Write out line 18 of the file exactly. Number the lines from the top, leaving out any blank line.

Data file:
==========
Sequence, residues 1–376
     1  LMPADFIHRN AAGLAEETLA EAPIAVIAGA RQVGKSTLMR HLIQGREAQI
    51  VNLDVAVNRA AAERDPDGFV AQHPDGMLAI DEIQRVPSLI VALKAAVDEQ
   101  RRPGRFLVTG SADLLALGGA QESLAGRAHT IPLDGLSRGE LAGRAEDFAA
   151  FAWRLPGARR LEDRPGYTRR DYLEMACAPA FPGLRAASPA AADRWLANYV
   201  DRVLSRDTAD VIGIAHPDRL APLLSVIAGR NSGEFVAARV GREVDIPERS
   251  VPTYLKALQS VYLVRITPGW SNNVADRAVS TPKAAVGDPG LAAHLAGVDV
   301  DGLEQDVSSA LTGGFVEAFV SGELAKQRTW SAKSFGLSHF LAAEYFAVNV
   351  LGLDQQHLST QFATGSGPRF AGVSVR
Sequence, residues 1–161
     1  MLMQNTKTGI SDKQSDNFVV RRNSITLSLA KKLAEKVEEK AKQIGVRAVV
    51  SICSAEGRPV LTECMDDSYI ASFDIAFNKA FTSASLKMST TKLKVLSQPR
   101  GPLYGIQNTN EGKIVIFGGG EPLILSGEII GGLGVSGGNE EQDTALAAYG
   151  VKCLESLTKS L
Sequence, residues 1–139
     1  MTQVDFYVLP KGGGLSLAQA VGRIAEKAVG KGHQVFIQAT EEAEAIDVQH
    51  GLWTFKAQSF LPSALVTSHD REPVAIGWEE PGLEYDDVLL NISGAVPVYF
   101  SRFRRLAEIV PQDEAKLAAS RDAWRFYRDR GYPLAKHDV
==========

   101  SRFRRLAEIV PQDEAKLAAS RDAWRFYRDR GYPLAKHDV